Looking to make a more aerodynamic car? Look to the sea turtle. Designing a better wind turbine blade? Consider a whale’s tail flukes. Want to produce a self-cleaning window? Start with a butterfly wing.
Copying nature’s designs might help engineers and architects to make better vehicles, bridges, buildings and other products, says Jamie Miller, an engineering PhD student. Referring to painstaking evolution that has sculpted today’s plants, animals and other organisms, he says: “This is four billion years of research and development.”
Last month he organized a daylong workshop on biomimicry, or borrowing natural designs to improve products, systems and processes. About 60 people attended the session at the U of G Arboretum, sponsored by the College of Biological Science, the College of Physical and Engineering Science, and the Ontario Agricultural College.
What would nature do? That’s the rallying cry for a growing international design movement that looks to the natural world for sustainable ideas. “Biomimicry wants us to ask not what we can take from nature but rather what we can learn from it,” says Miller.
Besides helping us improve products, he says biomimicry might help save threatened species or ecosystems by stressing the need to preserve “natural designs.” That idea resonates with members of U of G’s Biodiversity Institute of Ontario, including integrative biologist and workshop speaker Alex Smith.
“Much more of life remains unknown than is known,” says Smith, who studies ants in Costa Rica and other parts of the world. “With such a huge degree of biological illiteracy, it is reasonable to presume that most design solutions remain untapped.”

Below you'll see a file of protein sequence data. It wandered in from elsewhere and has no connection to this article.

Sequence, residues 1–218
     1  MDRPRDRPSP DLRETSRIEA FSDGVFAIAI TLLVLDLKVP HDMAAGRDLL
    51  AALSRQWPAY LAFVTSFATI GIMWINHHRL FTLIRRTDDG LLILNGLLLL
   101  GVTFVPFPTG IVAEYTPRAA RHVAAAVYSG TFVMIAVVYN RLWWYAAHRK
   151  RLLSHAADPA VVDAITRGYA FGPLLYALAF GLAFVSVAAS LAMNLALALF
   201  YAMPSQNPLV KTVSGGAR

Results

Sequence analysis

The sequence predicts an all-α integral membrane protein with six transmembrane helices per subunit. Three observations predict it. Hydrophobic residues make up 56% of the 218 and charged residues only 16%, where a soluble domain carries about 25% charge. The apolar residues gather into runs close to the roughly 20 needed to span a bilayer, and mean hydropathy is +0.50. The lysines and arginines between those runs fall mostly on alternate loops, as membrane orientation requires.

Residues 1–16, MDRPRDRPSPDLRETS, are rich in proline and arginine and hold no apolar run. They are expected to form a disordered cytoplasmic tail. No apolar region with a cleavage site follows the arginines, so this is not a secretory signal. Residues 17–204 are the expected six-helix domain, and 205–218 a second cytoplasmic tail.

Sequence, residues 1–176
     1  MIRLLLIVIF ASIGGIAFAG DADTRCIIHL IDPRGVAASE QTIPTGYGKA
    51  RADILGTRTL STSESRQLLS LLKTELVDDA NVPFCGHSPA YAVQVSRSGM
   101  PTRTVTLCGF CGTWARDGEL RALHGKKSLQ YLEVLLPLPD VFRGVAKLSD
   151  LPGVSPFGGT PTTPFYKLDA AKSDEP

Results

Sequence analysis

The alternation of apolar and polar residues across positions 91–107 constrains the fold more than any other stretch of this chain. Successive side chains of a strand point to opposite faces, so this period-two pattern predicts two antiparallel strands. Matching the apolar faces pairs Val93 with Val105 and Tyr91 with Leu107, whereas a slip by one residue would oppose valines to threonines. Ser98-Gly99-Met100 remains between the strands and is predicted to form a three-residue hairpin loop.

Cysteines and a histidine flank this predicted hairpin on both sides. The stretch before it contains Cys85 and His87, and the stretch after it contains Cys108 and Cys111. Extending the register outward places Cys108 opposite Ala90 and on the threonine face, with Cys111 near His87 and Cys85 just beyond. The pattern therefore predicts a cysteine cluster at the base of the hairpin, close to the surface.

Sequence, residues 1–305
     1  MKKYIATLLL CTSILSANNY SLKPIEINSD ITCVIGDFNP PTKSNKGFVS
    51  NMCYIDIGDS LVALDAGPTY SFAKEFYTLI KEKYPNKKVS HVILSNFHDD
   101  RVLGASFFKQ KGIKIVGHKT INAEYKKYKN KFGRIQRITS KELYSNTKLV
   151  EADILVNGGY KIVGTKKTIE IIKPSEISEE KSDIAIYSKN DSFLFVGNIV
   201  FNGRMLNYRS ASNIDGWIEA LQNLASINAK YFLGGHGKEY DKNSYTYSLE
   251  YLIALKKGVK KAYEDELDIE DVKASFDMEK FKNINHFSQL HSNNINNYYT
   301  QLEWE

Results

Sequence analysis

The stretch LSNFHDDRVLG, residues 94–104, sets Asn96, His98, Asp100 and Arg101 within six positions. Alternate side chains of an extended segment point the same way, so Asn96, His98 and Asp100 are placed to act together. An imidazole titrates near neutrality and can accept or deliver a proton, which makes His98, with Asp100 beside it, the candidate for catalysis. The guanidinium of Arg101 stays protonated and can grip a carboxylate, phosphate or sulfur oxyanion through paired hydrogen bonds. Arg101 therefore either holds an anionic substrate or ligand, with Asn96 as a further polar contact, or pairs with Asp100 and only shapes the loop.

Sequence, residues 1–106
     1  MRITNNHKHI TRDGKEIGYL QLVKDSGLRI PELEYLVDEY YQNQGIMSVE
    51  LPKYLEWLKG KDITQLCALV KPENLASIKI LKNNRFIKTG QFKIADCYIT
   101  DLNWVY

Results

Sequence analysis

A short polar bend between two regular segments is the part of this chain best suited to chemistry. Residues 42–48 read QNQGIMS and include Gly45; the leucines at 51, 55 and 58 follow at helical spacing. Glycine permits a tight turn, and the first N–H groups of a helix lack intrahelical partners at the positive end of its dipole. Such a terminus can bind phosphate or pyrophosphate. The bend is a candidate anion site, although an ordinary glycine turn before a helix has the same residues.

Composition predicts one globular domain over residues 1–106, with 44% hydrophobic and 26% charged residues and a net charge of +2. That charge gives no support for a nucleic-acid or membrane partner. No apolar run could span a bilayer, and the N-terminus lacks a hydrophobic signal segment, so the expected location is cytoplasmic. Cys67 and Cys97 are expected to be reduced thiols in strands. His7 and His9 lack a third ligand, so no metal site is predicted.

Biomimicry means looking at creatures for function as well as form. Take this sea turtle, says Miller, plucking a specimen from among skulls, skeletons and stuffed creatures in U of G’s wildlife collection. Look at the creature’s streamlined shell, including its fluted hind edges. Maybe those features can help an automaker design a more fuel-efficient car. Or consider how some bones are thick to absorb more stress and thinner in other parts of the skeleton. How might a manufacturer adapt a skeleton in designing a light, safe vehicle body?
During the workshop, Prof. Doug Fudge, Integrative Biology, discussed how hagfish produce copious amounts of slime to deter predators. He uses biomimicry in considering how slime threads might inspire sustainable protein materials for industry.
Among other ways scientists might use biomimicry:
- How mussels stick to rocks might provide clues to develop better adhesives;
- Kelp attaches to the coastal sea floor but remains flexible to prevent damage from wave torque, perhaps an idea for anchors for structures on land or water;
- Termite nests get rid of heat and gases, perhaps a model for low-cost building ventilation systems.
Those examples come from an online database called the “AskNature” project run by the Biomimicry Institute. Based in Montana, the non-profit educational group is headed by biologist Janine Benyus, who wrote the book Biomimicry: Innovation Inspired by Nature.
She’s also co-founder of the Biomimicry Guild, a consulting group that works with designers, engineers, architects and businesses. Co-founder Dayna Baumeister also spoke at last month’s Guelph workshop.
Miller became interested in biomimicry to help design low-cost products for humanitarian relief. After his undergrad at Queen’s University, he worked in Indonesia with an environmental NGO. He also worked in Sri Lanka during his master’s degree at Queen’s with Kevin Hall, now vice-president (research) at Guelph.
Last fall, Miller came to U of G to work with engineering professor Khosrow Farahbakhsh on water and wastewater systems. He says Guelph’s strengths in life sciences, engineering design, agriculture and environment make the University an ideal place to pursue cross-disciplinary interests in biomimicry. He gives occasional talks on the topic and hopes to run an annual biomimicry workshop, perhaps even a student design competition. For more information, visit www.whatwouldnaturedo.ca/.